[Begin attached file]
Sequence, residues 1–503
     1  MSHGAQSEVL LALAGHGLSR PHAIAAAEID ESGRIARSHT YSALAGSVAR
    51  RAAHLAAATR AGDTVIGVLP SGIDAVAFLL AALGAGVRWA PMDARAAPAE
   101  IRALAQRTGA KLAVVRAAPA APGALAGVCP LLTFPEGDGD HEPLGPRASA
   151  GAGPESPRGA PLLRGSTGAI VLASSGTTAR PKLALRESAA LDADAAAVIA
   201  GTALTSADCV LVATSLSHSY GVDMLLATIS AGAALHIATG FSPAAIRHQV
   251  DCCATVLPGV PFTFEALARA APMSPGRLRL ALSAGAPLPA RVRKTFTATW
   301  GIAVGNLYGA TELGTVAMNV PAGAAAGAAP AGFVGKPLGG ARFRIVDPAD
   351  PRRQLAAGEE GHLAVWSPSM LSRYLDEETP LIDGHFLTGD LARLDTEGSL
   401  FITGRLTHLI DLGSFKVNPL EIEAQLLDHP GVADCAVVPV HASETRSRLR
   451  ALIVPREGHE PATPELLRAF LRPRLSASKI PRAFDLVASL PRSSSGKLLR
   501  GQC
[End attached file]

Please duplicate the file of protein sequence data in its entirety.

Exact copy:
Sequence, residues 1–503
     1  MSHGAQSEVL LALAGHGLSR PHAIAAAEID ESGRIARSHT YSALAGSVAR
    51  RAAHLAAATR AGDTVIGVLP SGIDAVAFLL AALGAGVRWA PMDARAAPAE
   101  IRALAQRTGA KLAVVRAAPA APGALAGVCP LLTFPEGDGD HEPLGPRASA
   151  GAGPESPRGA PLLRGSTGAI VLASSGTTAR PKLALRESAA LDADAAAVIA
   201  GTALTSADCV LVATSLSHSY GVDMLLATIS AGAALHIATG FSPAAIRHQV
   251  DCCATVLPGV PFTFEALARA APMSPGRLRL ALSAGAPLPA RVRKTFTATW
   301  GIAVGNLYGA TELGTVAMNV PAGAAAGAAP AGFVGKPLGG ARFRIVDPAD
   351  PRRQLAAGEE GHLAVWSPSM LSRYLDEETP LIDGHFLTGD LARLDTEGSL
   401  FITGRLTHLI DLGSFKVNPL EIEAQLLDHP GVADCAVVPV HASETRSRLR
   451  ALIVPREGHE PATPELLRAF LRPRLSASKI PRAFDLVASL PRSSSGKLLR
   501  GQC